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The Headwaters Canoes

workshop in Wakefield, Quebec, is exactly where you’d expect custom wood-canvas canoes to be made. Weathered siding blends into the hills of Gatineau Park, a vast greenspace adjacent to Canada’s capital of Ottawa. Snow clings to the eaves on cold winter days. Woodsmoke curls from the chimney and warm light spills from the windows, drawing you inside where builders Kate Prince and Jamie Bartle shape cedar, ash, and cherry into the iconic canoes that defined Canadian wilderness canoeing.

Headwaters builds about a dozen new canoes each year, in addition to restoring twenty or so more. That’s a far cry from the heyday of the Chestnut Canoe Company, which inspired Headwaters’ founder Hugh Stewart to carry on the tradition of building “working” woodcanvas canoes. Stewart spent time in Chestnut’s New

Brunswick factory, a factory that turned out thousands of canoes per year, supporting the exploration of Canada’s hinterlands by geologists and foresters before the advent of floatplanes. He acquired several Chestnut building forms when the company closed in 1979 and started building canoes in the 1980s, before handing the business over to Kate Prince and Jamie Bartle in 2017. Countless other canoe manufacturers have attempted to reproduce Chestnut designs in modern aramids and plastics, but Headwaters’ high-volume Prospectors and sleek Cruisers come the closest to the originals’ style and performance—a point of pride for the builders at Headwaters.

For Prince, a big part of building traditional canoes is celebrating their history and demonstrating they’re still capable of hard wilderness trips. “Canoes of all types have a certain beauty and functionality,” says Prince, who grew up canoeing with her family at summer camps in places like Algonquin and Killarney provincial parks. “But my appreciation for wood-canvas has grown as I’ve learned more about their unique history and taken longer trips with them myself.”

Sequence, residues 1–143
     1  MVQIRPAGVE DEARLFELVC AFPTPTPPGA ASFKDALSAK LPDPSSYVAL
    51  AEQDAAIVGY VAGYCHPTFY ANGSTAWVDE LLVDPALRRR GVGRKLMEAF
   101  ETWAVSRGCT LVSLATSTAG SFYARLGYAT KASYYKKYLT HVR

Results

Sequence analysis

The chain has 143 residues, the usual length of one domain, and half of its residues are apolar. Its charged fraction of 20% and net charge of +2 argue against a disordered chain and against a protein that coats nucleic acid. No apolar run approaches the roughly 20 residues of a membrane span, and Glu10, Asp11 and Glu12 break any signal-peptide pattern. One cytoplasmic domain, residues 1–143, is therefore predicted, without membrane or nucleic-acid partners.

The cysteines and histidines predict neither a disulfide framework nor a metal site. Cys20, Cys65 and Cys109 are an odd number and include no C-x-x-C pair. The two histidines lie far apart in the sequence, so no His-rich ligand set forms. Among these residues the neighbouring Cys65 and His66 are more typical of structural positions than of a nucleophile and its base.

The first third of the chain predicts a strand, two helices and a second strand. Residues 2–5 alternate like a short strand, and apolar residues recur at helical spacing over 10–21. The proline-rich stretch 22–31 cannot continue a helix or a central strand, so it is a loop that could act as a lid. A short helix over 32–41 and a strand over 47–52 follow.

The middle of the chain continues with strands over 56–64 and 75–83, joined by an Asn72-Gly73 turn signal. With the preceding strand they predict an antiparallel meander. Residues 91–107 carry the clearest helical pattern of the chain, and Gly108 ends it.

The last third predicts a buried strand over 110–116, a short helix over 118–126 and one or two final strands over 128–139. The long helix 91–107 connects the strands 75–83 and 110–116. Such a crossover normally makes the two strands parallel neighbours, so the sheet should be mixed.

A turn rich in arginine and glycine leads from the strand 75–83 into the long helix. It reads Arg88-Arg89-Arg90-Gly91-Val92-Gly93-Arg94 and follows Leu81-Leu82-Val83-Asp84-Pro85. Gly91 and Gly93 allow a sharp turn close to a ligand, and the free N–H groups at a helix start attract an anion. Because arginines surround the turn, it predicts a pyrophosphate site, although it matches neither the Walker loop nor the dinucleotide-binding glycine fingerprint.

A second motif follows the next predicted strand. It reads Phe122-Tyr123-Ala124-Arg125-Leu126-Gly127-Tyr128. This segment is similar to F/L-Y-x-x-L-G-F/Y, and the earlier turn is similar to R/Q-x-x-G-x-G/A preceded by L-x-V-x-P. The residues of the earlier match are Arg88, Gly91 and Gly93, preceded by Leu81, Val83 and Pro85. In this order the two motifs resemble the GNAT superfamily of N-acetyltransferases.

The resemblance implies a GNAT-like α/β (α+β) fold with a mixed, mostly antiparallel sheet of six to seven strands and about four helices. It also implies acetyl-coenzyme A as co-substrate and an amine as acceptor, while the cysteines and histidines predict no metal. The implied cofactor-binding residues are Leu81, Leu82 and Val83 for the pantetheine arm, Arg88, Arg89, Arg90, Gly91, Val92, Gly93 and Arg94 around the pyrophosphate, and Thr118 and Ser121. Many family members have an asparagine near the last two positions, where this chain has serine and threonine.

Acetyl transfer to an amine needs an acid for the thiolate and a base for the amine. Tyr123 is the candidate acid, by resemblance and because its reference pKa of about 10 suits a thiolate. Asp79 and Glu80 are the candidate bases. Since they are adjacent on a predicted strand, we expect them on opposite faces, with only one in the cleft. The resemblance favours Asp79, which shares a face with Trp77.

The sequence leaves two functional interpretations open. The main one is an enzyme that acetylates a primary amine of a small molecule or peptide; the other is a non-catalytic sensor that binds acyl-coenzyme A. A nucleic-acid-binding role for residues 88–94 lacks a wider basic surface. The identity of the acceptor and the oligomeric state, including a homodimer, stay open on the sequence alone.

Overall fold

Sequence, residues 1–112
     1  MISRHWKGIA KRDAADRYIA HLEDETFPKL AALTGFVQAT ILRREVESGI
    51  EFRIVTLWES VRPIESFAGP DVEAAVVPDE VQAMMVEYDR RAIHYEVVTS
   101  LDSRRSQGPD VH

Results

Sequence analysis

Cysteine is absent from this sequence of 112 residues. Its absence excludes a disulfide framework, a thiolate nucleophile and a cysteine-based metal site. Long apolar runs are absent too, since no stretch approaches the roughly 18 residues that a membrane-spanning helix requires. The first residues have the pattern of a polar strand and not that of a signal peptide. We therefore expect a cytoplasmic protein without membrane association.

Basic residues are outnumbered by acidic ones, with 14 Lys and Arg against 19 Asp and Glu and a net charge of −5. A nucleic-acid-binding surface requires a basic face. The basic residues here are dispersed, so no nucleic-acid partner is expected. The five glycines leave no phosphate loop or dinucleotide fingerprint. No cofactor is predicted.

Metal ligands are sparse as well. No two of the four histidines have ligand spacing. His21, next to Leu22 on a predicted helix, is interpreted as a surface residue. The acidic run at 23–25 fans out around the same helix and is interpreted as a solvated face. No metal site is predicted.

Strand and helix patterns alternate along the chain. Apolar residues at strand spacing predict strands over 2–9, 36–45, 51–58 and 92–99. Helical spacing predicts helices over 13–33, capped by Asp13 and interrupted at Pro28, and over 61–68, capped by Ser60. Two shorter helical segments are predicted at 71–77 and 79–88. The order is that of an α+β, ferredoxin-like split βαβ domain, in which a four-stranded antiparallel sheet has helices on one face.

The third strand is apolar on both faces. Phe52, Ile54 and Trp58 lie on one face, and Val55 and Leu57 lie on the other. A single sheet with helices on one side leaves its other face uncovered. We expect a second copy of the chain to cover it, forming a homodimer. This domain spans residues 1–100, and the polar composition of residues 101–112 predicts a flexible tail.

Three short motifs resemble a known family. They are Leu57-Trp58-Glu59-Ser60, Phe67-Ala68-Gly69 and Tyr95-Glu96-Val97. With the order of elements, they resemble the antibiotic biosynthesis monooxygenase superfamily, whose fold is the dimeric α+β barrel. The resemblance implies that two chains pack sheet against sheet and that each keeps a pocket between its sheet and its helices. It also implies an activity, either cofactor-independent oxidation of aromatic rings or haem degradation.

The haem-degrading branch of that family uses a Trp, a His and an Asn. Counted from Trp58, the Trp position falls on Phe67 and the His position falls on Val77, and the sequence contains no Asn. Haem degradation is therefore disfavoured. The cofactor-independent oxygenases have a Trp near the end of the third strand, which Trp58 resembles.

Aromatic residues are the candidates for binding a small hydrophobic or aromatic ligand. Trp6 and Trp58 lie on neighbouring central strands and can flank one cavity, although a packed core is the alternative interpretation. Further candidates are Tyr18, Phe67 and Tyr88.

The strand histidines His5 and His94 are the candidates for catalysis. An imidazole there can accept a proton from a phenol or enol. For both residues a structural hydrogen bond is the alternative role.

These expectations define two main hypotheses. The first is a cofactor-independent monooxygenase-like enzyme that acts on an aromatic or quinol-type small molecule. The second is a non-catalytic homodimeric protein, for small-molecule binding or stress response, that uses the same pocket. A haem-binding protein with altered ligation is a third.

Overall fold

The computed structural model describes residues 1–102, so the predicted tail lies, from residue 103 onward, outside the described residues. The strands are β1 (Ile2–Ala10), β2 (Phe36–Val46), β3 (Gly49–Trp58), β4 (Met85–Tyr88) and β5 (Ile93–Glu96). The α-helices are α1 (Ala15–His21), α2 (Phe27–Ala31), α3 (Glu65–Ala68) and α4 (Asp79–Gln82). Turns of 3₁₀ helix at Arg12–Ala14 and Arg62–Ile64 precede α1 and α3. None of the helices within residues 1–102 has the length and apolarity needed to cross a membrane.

When Stewart owned Headwaters, he always insisted on taking recess from canoe construction for summer expeditions in northern Canada. Such experiences shape “research and development” in profound ways. For Prince, using 17- and 18-foot Prospectors for a two-month trip in the Yukon confirmed her conviction that “there’s nothing you can’t do in a wood-canvas canoe.”

Each Headwaters Canoe takes more than one hundred hours to construct: Starting in autumn with the laborious process of milling locally sourced, rough- cut eastern white cedar into ribs and sheeting, and ultimately finishing in spring with the application of multiple coats of varnish and paint. Curiously, the defining features of a wood-canvas canoe—ribs steambent over a solid building form and a hull enveloped in a taut canvas skin—each entail barely an hour of work. Much of the effort lies in sheeting the canoe in waferthin cedar planking and painstaking jobs like sanding and rasping, which are crucial to creating smooth curves and a glossy finish.

Just like paddling, canoe-building is a reflective process. In her decade at Headwaters, Prince has come to understand how companies like Chestnut appropriated Indigenous technologies to facilitate the development of Canada’s frontier. Canoes are no longer being used to stake claim to the land, but Prince says paddling a wood-canvas Prospector, whose checkered history is inherent to its name, should encourage reflection and acknowledgment of Canada’s colonial past. “We’re all part of the historical continuum,” she says. “When you paddle a canoe, you have the opportunity to become part of the process of reconciliation and finding a better pathway forward.”

Conor Mihell has paddled and portaged wood-canvas canoes for many miles along waterways in the Canadian arctic and sub-arctic. Like Prince, he has found that there is nothing you can’t do in a wood-canvas canoe. Author of The Greatest Lake: Stories from Lake Superior’s North Shore, you can follow Conor at conormihell.com.